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Business Ethics from an Exemplary Ruler King Ashoka

Business Ethics from an Exemplary Ruler King Ashoka

“Well, let me begin by saying that the sense of identity changes as one changes one’s understanding of one’s past. Historical changes do bring about changes of identity.” Dr. Romila Thapar

Today we talk about Business Ethics and teach in school all the ethics that a student can absorb. But are they really teaching ethics? Or are those just scary tactics not the real ethics?

King Asoka an evil king turned Buddhist was regarded as one of the most exemplary rulers in world. King Asoka was the third monarch of the Indian Mauryan dynasty. He ruled the Kingdom according Buddhist Principles.

“Dhamma is good, but what constitutes Dhamma? (It includes) little evil, much good, kindness, generosity, truthfulness and purity.” Ven. S. Dhammika King Asoka’s name shines brightly as a Lone Star in the Dark Sky according to scholars.

You can read more about King Asoka here. http://www.cs.colostate.edu/~malaiya/ashoka.html

Let’s look at Business Ethics today. Lot of buzz but little regards of this subject if you ask me. We know the Enron fall, Murdock and many stories popping up from the Wall Street mishaps. And Harvard Student misbehavior.

Looking at all these problems isn’t it time Companies have a separate manual for Company Ethics? King Asoka instituted Moral Principles in his vision to achieve a humane society. King Asoka’s decrees had been found scattered in many regions such as Nepal, Pakistan, and Afghanistan.

Asoka had written in his own words the good deeds he had performed not to boast but to convince the reader of his action and to follow his footsteps. He was lost in history for more than 700 years and was brought into light in 1915.

Although Asoka was a practicing Buddhist, he was tolerant towards other religions and encouraged them to practice theirs with the same conviction he practiced his.

King Asoka’s Practice with a narration of today’s practice:

1. To enhance individual morality he asked to respect parents, elders, teachers, friends, servants, ascetics and Brahmins.How could we bring back this respect to our work place? We have kids who invented the companies today. Do they or will they respect an elder who wants to contribute his wisdom? How can we make them understand respect?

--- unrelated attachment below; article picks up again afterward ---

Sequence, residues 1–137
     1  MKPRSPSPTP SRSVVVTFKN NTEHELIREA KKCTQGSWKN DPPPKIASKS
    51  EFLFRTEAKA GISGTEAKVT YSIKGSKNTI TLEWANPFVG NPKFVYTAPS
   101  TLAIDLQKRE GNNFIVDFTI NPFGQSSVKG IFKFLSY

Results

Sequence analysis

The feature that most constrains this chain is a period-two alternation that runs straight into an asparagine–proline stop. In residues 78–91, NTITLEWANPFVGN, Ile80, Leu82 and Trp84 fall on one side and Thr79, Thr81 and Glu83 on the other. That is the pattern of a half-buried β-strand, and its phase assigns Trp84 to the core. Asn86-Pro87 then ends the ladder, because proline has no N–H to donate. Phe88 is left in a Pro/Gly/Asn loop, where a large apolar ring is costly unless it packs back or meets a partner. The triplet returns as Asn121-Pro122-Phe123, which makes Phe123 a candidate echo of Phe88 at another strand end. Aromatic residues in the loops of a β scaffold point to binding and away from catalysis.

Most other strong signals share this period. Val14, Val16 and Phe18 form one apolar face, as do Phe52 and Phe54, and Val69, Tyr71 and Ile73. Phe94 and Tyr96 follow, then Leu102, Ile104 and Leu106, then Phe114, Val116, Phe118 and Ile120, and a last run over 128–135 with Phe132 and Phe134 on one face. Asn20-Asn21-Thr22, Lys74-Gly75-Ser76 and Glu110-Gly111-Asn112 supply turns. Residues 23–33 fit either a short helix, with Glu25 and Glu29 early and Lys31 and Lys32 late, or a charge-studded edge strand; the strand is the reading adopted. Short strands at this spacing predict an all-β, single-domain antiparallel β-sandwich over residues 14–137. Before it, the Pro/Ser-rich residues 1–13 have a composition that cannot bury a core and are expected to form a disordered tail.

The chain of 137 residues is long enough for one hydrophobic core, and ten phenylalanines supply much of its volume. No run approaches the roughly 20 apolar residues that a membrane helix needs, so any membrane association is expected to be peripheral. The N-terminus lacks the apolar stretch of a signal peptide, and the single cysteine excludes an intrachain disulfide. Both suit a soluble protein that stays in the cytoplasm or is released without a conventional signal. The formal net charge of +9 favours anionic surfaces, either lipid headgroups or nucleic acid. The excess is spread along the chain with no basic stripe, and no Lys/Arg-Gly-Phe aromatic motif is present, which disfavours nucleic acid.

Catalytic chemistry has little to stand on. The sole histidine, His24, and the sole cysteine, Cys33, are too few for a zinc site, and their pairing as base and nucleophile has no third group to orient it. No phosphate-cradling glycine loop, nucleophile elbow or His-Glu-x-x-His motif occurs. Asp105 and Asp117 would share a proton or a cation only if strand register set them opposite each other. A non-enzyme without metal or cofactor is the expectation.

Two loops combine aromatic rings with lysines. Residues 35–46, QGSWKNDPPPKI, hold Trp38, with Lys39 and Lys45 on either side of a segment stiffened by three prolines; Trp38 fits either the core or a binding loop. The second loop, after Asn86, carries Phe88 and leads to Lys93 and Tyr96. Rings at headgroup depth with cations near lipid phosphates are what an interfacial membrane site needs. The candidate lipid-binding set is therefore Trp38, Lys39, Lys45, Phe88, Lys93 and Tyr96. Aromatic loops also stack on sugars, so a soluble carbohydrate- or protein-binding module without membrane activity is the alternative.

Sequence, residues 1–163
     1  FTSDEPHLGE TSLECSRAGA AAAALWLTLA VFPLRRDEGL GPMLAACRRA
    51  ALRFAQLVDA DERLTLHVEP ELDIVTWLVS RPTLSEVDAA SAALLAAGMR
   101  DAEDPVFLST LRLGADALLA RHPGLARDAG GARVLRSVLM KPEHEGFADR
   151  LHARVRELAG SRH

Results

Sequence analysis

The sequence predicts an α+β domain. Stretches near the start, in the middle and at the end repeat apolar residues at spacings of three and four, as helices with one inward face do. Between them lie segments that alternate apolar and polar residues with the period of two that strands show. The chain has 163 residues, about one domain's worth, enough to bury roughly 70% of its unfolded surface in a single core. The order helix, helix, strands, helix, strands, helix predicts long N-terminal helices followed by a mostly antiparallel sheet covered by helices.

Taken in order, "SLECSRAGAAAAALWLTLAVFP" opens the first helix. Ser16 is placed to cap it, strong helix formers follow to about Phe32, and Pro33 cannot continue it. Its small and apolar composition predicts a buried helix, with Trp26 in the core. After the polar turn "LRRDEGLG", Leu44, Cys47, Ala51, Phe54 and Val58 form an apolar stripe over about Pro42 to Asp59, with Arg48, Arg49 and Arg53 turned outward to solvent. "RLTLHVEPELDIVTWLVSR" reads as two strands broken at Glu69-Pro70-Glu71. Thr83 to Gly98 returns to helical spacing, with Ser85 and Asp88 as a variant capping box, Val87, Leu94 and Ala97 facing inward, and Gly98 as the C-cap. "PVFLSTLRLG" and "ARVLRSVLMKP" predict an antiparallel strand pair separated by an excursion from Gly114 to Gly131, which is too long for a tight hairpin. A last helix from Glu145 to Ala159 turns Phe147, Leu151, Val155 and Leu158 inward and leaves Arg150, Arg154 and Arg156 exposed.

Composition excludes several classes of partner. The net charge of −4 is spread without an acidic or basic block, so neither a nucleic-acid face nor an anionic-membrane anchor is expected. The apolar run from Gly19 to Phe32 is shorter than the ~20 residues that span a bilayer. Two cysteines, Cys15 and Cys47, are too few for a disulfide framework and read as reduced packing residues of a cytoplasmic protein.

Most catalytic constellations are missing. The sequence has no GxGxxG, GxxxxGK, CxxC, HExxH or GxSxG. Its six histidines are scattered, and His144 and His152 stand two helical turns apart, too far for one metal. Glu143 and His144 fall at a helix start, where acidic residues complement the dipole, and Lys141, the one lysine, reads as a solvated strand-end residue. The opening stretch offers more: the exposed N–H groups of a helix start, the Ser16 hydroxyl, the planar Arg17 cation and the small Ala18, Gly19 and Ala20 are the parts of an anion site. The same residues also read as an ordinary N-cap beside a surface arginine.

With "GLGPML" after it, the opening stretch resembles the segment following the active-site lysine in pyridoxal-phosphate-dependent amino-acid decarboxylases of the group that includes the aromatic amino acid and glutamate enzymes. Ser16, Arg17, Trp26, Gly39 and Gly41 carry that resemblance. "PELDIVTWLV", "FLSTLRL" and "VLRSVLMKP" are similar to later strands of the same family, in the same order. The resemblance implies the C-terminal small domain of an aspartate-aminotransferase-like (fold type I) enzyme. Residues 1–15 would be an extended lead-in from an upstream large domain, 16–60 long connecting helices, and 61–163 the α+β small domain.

2. King Asoka encouraged generosity towards the poor, to ascetics, Brahmins, friends and relatives.Today most of the Companies are involved with Charity work. But are they really interested in doing good or is it a way of profiting their companies?

3. Asoka encouraged harmlessness towards all beings. If you are in an industry of providing meat you might want to consider the well-being of those animals who give life for others consumption. Animal cruelty is not something we should tolerate as a society or humans.

4. Treating people properly was much more important than performing rituals for Good Luck. Because it helps promote tolerance and mutual respect. I think as companies and individuals tolerance and mutual respect can bring prosperity to all. People live in fear and their greed, jealousy and insecurities can do more harm than they imagine to people and the society.

5. King Asoka said people should be well versed in their own doctrines. And practice spirituality. Companies can definitely give people a little breathing space and encourage them to practice Spirituality. And in return enjoy a healthy and happy workforce.

6. Asoka recommended qualities of Heart. They are:
a) Kindness
b) Self-Examination
c) Truthfulness
d) Gratitude
e) Purity of Heart
f) Enthusiasm
g) Loyalty
h) Self-control
i) And Love of Dhamma

I think these guide lines not only can create a workable political philosophy of a country but a healthy work place. In Ven. Dhammika’s words; “Today, with widespread disillusionment in prevailing ideologies and the search for a political philosophy that goes beyond greed (capitalism), hatred (communism) and delusion (dictatorships led by “infallible” leaders), Asoka’s edicts may make a meaningful contribution to the development of a more spiritually based political system.”

With a workable, ethical political philosophy, as Companies, and Individuals we could make an attempt to live by these rules as much as we can. “A little evil, much good, kindness, generosity, truthfulness and purity.”

So what are your thoughts? Could we together put a manual for Company Ethics?

P.S. Material credit and picture credit goes to its respective originators. LoC, Ven. S. Dhammika, …

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